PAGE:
Study variables

Time to sputum smear conversion was the dependent variable; whereas socio-demographic characteristics (sex, age, residence, educational status, marital status), behavioural factors (smoking, alcohol drinking) and clinical characteristics (HIV co-infection, DR-TB treatment regimen, type of resistance, presence of chronic diseases, clinical complications, base line Body Mass Index (BMI), anaemia, smear grading and functional status) were the predictor variables for this study.

Operational definitions

Smear conversion was defined as two consecutive negative sputum smears taken at least 30 days apart following an initial positive sputum smear [5].

Time to sputum Smear conversion was defined as the time in months from the date of start of DR-TB treatment to the date of smear conversion for the first of two consecutive negative sputum smear results [5].

Censored was defined as when smear result has not been converted for an individual. This includes when the patient stops the treatment though the smear was positive, deceased before culture conversion, transferred out to another treatment site before culture conversion, and study time completion before culture conversion.

Anemia: was defined as hemoglobin value of less than 12 mg/dl for males and less than 11 mg/dl for females [18]. Sputum smear was graded as scanty, 1+, 2+, and 3+. Scanty is when the sputum contains 1–9 AFB in 100 fields, grade 1+ for 10–99 AFB in 100 fields, grade 2+ if 1–10 AFB per field (check 50 fields), and grade 3+ for more than 10 AFB per field (check 20 fields), respectively [19]. Body mass index (BMI): was defined as low when BMI < 18.5 kg/m2, and normal if BMI 18.5–24.99 kg/m2 [20]. Cigarette smoking: was recorded by asking respondents whether they have ever smoke cigarette in life history. It was dichotomized by 1 (Yes i.e., smoke cigarettes) and 0 (No smoke cigarettes). Alcohol consumption: was recorded by asking a respondents whether a respondents have ever drink alcohol or not. It was dichotomized by 1 (Yes i.e., drink alcohol) and 0 (No drink alcohol).

Data analysis

After data was entered in to epi-data 4.2.0.0, it was exported to Stata 14 for further cleaning, coding, recoding, and analysis. The baseline socio-demographic, behavioural, and clinical features of patients were analysed descriptively. Median time with inter quartile range and mean with Standard Deviation (SD) were used for skewed and normally distributed continues variables, respectively. Texts, tables, and figures were used to present results. The Chi-square assumptions was assessed and valued for categorical explanatory variables.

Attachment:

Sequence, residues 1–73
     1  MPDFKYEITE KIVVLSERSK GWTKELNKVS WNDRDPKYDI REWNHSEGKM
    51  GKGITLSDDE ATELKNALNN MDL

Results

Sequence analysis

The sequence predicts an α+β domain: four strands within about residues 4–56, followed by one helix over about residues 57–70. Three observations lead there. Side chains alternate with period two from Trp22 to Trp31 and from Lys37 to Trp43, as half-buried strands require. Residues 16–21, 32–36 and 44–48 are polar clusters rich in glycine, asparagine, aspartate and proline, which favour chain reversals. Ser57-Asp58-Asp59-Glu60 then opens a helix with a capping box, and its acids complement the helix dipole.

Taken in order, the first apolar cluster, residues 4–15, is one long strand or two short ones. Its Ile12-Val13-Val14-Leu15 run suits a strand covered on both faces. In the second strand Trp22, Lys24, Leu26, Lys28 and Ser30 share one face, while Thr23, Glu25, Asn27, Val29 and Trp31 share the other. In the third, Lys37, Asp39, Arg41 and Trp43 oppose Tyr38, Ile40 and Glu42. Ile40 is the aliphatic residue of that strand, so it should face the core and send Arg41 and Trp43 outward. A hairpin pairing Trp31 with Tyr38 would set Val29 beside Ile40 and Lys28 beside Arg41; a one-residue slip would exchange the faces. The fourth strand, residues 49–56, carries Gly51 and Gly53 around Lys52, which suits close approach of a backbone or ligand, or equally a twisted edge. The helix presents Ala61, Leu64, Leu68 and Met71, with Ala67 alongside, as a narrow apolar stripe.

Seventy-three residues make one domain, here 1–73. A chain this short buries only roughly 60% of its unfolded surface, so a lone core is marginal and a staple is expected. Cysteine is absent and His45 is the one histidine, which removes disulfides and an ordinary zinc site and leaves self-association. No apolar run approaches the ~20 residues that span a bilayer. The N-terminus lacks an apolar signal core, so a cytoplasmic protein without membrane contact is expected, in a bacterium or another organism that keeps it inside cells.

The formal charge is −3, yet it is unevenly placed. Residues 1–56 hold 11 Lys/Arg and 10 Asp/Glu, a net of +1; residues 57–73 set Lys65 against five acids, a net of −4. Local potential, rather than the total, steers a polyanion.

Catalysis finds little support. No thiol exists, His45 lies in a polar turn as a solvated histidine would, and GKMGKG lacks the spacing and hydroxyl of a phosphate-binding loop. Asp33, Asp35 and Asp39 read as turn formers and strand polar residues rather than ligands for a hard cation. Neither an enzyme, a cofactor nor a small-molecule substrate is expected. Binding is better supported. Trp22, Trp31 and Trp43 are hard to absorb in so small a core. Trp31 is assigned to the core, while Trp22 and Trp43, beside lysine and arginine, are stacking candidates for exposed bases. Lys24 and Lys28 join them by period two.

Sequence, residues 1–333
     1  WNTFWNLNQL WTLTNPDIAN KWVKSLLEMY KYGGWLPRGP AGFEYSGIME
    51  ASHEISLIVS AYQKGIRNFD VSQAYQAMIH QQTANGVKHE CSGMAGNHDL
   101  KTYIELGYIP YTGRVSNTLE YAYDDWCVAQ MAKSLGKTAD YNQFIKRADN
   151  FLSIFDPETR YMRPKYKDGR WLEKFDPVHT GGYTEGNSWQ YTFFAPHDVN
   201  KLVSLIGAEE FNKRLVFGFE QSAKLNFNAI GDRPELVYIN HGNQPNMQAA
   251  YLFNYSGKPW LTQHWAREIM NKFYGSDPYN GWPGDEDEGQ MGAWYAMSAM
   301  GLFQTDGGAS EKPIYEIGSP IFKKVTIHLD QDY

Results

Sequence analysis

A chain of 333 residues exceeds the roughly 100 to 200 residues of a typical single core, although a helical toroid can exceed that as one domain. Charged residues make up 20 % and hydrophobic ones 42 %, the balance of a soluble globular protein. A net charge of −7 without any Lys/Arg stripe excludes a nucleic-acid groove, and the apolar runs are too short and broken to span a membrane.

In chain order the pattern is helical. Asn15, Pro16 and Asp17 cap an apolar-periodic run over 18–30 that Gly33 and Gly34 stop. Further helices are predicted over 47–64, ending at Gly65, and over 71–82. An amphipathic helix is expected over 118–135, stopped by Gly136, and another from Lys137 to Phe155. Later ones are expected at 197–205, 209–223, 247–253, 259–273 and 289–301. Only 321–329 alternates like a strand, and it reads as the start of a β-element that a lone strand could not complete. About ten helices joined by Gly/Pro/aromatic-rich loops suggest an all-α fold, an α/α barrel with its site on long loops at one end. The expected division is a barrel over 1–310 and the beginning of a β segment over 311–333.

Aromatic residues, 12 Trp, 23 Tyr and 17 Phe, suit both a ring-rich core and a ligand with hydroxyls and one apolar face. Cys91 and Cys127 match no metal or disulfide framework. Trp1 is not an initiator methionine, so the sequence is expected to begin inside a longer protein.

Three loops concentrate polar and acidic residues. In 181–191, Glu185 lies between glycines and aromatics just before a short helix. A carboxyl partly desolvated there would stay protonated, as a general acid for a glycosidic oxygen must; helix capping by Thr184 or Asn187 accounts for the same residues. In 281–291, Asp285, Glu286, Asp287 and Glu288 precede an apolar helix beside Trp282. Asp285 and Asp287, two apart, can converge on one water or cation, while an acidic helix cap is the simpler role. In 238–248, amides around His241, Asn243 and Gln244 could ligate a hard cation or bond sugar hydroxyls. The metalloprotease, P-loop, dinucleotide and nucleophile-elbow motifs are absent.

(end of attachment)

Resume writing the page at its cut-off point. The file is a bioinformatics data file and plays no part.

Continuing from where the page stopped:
Kaplan–Meier survival curve was used to illustrate the median time to culture conversion. Bi-variable and multi-variable Cox proportional hazard model was used to identify the independent predictors of time to smear conversion. The adjusted hazard ratio (AHR) with 95% confidence interval (CI) was used to report the strength of association and statistical significance was declared at p <0.05.

Ethics approval and consent to participate

The Ethical Review Committee of the University of Gondar approved the study. A permission and support letters were also obtained from the Amhara public health institutions, the management committee of each hospital, and TB ward heads. Since we used secondary data retrospectively, permission letter to access the data was obtained from each study institution as alternative to informed consent. Thus, informed consent was waived as we received the institutional support letter. Information obtained at any course of the study was kept confidential. The data were anonymized and personal identifiers were not included and secured via password in computerized databases to ensure confidentiality.

Result

Socio-demographic and Behavioural characteristics of patients

A total of 436 patients were included in the analysis. Majority (84.86%) of the patients were in the age range of 35–54 years. Regarding the residence of the patients, about half of them were residents of urban 225 (51.61%). About one-fifth 91 (20.87%) of the patients had alcohol drinking history at the time of treatment commencement (Table 1).

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Table 1. Socio-demographic characteristics and behavioural among DR-TB patients in North West Ethiopia (N = 436).

https://doi.org/10.1371/journal.pone.0264852.t001

Clinical characteristics of patients